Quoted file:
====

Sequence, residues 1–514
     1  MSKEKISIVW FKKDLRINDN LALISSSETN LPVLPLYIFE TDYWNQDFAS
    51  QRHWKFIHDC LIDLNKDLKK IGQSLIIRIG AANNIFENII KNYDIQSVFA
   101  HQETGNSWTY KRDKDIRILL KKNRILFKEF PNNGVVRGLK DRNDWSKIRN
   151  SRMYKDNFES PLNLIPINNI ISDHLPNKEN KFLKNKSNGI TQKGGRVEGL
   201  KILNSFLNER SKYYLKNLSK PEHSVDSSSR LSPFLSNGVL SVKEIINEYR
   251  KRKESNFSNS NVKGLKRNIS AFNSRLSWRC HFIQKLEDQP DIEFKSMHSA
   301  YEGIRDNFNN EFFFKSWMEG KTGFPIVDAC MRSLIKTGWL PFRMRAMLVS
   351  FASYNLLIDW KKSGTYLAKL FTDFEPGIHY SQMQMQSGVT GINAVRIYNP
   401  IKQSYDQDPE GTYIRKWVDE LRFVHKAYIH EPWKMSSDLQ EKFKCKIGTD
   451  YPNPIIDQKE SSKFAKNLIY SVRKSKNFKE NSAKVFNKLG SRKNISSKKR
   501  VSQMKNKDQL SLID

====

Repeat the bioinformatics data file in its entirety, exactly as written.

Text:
Sequence, residues 1–514
     1  MSKEKISIVW FKKDLRINDN LALISSSETN LPVLPLYIFE TDYWNQDFAS
    51  QRHWKFIHDC LIDLNKDLKK IGQSLIIRIG AANNIFENII KNYDIQSVFA
   101  HQETGNSWTY KRDKDIRILL KKNRILFKEF PNNGVVRGLK DRNDWSKIRN
   151  SRMYKDNFES PLNLIPINNI ISDHLPNKEN KFLKNKSNGI TQKGGRVEGL
   201  KILNSFLNER SKYYLKNLSK PEHSVDSSSR LSPFLSNGVL SVKEIINEYR
   251  KRKESNFSNS NVKGLKRNIS AFNSRLSWRC HFIQKLEDQP DIEFKSMHSA
   301  YEGIRDNFNN EFFFKSWMEG KTGFPIVDAC MRSLIKTGWL PFRMRAMLVS
   351  FASYNLLIDW KKSGTYLAKL FTDFEPGIHY SQMQMQSGVT GINAVRIYNP
   401  IKQSYDQDPE GTYIRKWVDE LRFVHKAYIH EPWKMSSDLQ EKFKCKIGTD
   451  YPNPIIDQKE SSKFAKNLIY SVRKSKNFKE NSAKVFNKLG SRKNISSKKR
   501  VSQMKNKDQL SLID